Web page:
Wednesday, October 06, 2004

Red and Blue: Mapping the Votes

I've always been very curious about the exact geographical distribution of votes. We've all seen the electoral college maps like this one (or this, this and this). But obviously each state is not a simple red or blue, it is some kind of shade, and it is not a uniform shade either. Is it a light-blue or is it a spot of dark-blue in a sea of gray? Is it flat gray or a mosaic of red and blue? Inquiring minds want to know.

Unfortunately even county-by-county maps like this do not truly answer the question, since we're left to wonder whether a county was won by 1% or by 20%. We need a more, ahem, nuanced approach.

So: here's a map of county-by-county votes of the 2000 election results as shades of color (red=100% Bush, blue=100% Gore, gray=exactly 50-50).



(click for larger image)


As you can see, the western states are basically red and the eastern states are gray with red splotches and the occasional blue-ish stripe, and of course the coasts have a blue fringe here and there. Let this be a caution to anyone who stereotypes states: most of California is basically just like Nevada, and most of Illinois like Missouri, except for the presence of a large metropolitan area that shifts the statistics. California is not a liberal stronghold: Los Angeles is.

Next, and this is the real paydirt: a map of votes as color, and voter density as lightness/darkness (log scale, black=10,000 per sq mile, white=0; the overall colors had to be adjusted slightly so that the details are visible)




(click for larger image)


Now it all becomes clear! There is an excellent correlation between population density and vote. Virtually all blue areas are dense; there are very few if any dense red areas. Salt Lake City and Boise are the closest thing to dense red, along with a number of cities in Texas (but not the largest ones). There are certainly many neutral (Houston) or blue (Atlanta) cities that have a red suburban fringe (a common pattern), but they are not red cities per se.

Numerically, voters in dense ares (over 500 per square mile, about one quarter of all voters) voted 61% for Gore. Voters in sparse areas (under 50 voters per square mile, again about a quarter of the total) voted 58% percent for Bush. Voters in super-dense areas (over 1000 per square mile, 1/8 of all voters) voted 66% for Gore. You can look at a scatter graph of density vs votes that shows this effect perfectly. Density by itself accounts for about half of the variation in voting patterns.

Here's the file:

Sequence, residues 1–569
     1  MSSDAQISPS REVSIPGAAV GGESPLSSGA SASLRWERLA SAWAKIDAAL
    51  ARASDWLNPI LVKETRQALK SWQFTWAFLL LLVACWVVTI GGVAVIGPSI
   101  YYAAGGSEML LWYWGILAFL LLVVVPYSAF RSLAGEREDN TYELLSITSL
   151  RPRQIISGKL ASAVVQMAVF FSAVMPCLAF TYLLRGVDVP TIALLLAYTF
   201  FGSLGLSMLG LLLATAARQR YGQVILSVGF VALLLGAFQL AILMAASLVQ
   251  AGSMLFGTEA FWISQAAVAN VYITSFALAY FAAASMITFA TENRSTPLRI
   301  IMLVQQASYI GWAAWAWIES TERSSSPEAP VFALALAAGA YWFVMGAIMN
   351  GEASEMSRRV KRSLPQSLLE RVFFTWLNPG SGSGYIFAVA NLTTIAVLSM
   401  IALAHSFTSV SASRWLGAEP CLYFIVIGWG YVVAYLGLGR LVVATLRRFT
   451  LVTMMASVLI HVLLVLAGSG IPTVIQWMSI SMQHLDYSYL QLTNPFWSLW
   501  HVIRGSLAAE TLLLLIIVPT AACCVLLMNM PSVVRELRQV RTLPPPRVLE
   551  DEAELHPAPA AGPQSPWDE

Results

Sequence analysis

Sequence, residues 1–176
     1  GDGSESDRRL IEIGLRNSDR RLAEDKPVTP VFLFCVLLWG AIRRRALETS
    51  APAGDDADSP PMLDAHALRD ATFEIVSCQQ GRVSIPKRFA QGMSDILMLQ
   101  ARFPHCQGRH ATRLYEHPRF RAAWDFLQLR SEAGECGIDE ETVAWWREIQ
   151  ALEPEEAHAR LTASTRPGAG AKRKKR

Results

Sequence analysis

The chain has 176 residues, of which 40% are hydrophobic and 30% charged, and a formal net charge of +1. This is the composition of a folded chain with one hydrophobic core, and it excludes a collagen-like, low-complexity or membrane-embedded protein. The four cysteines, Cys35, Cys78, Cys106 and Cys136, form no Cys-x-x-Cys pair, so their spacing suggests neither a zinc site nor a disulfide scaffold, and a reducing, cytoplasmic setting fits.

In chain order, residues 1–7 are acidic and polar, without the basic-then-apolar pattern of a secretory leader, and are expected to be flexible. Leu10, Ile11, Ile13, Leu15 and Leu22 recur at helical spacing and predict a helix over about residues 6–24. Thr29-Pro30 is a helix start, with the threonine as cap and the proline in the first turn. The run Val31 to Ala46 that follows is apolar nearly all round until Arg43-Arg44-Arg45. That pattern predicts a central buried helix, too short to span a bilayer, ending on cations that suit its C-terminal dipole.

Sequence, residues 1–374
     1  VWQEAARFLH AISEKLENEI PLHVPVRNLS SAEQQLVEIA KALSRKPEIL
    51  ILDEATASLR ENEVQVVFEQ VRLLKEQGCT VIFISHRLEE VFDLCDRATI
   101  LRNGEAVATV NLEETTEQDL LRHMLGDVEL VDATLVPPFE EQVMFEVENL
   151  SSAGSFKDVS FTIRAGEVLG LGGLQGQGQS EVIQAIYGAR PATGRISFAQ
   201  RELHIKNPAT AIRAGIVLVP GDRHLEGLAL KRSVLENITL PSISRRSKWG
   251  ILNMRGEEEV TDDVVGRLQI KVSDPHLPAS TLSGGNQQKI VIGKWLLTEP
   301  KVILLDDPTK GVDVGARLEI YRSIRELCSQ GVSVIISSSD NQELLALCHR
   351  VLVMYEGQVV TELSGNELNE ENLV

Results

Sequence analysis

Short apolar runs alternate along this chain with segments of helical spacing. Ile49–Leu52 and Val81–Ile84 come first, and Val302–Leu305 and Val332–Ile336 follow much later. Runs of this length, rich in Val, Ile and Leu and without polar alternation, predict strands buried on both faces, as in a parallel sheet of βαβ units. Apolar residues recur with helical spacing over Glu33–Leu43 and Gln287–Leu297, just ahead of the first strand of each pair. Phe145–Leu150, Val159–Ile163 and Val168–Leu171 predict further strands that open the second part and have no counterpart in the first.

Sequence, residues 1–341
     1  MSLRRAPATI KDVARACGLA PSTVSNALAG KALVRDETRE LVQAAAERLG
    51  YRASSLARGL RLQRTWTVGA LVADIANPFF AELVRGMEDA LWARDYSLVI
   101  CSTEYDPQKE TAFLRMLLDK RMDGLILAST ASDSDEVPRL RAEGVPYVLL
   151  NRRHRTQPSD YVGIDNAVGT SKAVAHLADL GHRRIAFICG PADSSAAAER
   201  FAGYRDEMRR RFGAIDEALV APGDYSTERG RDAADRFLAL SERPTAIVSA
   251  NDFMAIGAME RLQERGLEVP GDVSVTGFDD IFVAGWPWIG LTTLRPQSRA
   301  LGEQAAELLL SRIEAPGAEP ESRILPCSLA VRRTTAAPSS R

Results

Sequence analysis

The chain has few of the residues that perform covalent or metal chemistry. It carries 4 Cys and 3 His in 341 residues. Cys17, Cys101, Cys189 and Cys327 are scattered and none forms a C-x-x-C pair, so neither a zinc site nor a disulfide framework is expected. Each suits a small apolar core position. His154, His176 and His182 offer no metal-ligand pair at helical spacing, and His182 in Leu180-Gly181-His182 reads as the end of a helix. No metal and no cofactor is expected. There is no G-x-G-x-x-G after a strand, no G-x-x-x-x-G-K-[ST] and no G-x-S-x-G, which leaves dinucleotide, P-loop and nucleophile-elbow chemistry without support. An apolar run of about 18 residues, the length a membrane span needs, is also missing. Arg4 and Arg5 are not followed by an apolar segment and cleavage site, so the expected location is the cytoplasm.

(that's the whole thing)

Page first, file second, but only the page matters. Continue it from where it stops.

Hypothesis: the perception of the Democrats as the "bi-coastal" party and the Republicans as the "flyover" party is wrong. Rather, the Democrats are a city party and the Republicans are a suburban/rural party.

Why do dense areas vote Democrat? This is not an easy question, and I hope to do more maps that show votes alongside tax rates, government spending, crime rate and more to try to answer that, but I will take a really simple stab at answering anyway. Big cities have problems, in some cases severe (e.g. Chicago). It is tempting to look for a government solution to problems, which is what the Democrats are offering. Of course, it doesn't usually work, but hey.

UPDATE: This post has gotten a huge response - thank you! Due to the high traffic the images may be intermittently unavailable, if you can't see them please try again in a few minutes. I have just obtained a complete database of demographic data by county and will have some more interesting maps for you very soon. This has also prompted a good discussion on why we see the patterns we do.

TECHNICAL NOTE: Using color to express numerical data accurately is quite hard. Color is a tricky thing, for example 50% red appears a lot redder than 50% blue is blue. To do this properly, you have to use a "perceptually linear color space" instead of RGB. In this case, I mapped the data to piecewise linear segments in the "CIE Lab" space. A whole lot more information on that fascinating subject is available here.